Thea Digiammerino

Quinnipiac Brings in Therapy Animals to Help Students Cope With Finals Stress

Quinnipiac students studying occupational therapy organized the day for their peers as part of an animal therapy course.

Amid the chaos of finals and upcoming graduation, three miniature horses and a therapy dog visited Quinnipiac Monday to help ease some stress.

“It feels good to pet animals and come outside a little bit,” said biomedical sciences student Puja Patel.

“We’re just here to decrease some stress and anxiety for the upcoming stuff this week,” said Granby-raised Emily Jackson, who is currently studying for three finals and a practical exam.

Quinnipiac students studying occupational therapy organized the day for their peers as part of an animal therapy course.

“This event is perfectly placed right before finals to help calm reduce some stress get a little mindful and just enjoy your day,” said Nicholas Donohue, a fifth-year graduate student in the class.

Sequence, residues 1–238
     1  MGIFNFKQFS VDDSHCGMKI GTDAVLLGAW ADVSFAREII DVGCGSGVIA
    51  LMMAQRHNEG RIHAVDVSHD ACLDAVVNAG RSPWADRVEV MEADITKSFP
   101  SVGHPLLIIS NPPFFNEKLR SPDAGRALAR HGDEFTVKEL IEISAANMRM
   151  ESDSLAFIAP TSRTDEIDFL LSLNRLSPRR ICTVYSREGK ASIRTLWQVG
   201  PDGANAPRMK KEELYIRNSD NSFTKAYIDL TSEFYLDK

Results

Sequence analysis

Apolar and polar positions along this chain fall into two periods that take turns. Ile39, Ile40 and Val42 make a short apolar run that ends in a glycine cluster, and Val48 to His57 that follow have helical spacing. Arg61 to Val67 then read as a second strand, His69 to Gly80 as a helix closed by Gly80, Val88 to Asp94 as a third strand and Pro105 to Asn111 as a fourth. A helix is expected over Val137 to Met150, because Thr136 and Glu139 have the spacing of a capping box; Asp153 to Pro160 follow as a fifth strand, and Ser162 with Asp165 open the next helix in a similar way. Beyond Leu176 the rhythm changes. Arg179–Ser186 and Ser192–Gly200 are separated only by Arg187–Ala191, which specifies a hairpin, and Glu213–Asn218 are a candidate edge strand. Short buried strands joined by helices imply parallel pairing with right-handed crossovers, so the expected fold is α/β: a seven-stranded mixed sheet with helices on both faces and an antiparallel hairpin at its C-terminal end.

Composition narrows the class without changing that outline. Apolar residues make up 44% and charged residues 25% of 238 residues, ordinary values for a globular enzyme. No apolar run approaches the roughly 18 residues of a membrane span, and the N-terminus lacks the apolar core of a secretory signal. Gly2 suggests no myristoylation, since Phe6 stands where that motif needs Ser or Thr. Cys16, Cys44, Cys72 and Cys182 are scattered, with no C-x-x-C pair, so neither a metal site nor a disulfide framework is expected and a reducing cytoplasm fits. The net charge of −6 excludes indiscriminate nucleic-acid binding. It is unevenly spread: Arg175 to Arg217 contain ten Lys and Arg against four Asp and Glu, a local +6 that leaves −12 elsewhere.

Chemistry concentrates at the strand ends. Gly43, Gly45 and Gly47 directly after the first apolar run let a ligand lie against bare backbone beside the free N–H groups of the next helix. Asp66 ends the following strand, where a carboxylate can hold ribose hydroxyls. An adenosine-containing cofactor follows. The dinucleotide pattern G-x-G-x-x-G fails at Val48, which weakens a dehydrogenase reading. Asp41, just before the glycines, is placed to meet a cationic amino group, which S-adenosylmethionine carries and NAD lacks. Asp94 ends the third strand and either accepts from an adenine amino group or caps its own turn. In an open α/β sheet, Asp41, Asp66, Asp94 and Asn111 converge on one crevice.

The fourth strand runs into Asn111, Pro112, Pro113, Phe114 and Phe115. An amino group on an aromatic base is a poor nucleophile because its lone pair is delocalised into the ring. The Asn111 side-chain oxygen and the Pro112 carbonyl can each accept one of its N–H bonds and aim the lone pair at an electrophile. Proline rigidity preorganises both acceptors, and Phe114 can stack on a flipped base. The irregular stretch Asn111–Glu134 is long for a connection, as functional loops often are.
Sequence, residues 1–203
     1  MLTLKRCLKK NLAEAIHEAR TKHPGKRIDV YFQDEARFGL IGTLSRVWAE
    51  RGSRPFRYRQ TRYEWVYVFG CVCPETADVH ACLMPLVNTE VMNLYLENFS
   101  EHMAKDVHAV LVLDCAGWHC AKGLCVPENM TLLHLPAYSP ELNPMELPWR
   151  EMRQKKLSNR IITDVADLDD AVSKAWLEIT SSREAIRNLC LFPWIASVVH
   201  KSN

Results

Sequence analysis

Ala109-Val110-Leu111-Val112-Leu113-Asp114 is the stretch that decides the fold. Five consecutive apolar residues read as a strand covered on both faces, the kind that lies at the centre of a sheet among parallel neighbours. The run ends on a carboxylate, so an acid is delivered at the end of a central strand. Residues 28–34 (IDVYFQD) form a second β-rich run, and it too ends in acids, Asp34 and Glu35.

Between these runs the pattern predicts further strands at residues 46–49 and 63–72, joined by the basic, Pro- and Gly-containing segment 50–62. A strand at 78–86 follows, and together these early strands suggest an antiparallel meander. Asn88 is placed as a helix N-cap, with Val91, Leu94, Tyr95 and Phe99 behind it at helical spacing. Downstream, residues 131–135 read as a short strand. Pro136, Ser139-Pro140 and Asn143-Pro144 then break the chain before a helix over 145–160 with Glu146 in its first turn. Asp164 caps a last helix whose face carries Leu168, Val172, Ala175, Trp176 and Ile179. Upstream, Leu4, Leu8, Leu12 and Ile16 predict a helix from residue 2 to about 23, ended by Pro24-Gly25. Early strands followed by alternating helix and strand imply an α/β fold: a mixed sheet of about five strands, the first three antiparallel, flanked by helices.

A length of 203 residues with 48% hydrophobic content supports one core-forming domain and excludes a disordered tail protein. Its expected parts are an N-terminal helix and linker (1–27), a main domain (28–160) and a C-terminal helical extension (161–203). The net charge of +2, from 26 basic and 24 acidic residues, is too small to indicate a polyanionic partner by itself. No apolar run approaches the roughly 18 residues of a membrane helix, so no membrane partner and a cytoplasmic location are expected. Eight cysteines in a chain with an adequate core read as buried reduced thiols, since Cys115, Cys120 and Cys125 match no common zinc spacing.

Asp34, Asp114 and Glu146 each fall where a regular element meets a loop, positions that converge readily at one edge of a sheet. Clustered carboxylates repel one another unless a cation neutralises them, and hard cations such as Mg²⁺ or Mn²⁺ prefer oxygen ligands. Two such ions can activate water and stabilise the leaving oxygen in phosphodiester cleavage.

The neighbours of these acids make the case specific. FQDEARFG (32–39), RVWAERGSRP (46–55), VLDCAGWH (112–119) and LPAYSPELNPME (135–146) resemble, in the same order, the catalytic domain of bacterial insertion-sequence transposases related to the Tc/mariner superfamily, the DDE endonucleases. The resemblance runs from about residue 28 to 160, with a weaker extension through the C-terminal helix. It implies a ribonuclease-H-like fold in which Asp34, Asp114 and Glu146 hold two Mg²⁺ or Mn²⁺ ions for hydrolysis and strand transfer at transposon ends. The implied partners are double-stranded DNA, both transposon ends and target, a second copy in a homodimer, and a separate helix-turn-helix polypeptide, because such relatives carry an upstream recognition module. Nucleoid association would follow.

And the fun is not just for stressed-out students. Mike Cole, who works in admissions at the medical school, says sometimes staff members need a stress-reliever, too.

“Whenever I see the horses, sometimes we’ve had goats come— I just like going out and petting them and stuff like that, just bring some joy to my day particularly on a beautiful day like today,” Cole said.

But they’re not just cute and cuddly, there are actual proven scientific benefits to hanging out with these guys.

“Some studies have shown that animals can give a sensory benefit of touching the animal, being near it, the unconditional love that’s involved with it,” says Occupational Therapy Professor Donna Latella.

Latella says simply petting these animals can positively affect your mental and physical health.

“It can calm, relieve stress, decrease blood pressure, it can increase confidence, even motivational for some people who may not like maybe traditional occupational therapy in a clinic,” she said.

It’s proven to be particularly beneficial to people with physical and social disabilities, according to Latella.

That’s why students from the Cheshire Quinnipiac Transition Collaborative were invited too. The program that prepares young adults on the autism spectrum for adulthood.

“They feel soft to me,” said one of the students in the program, David Rochow.

His friend, Olivia Huang, said petting the animals made her feel “much better.”

It was a timely visit for all, made better by the good weather, and as an early celebration to National Therapy Animal Day on Tuesday!

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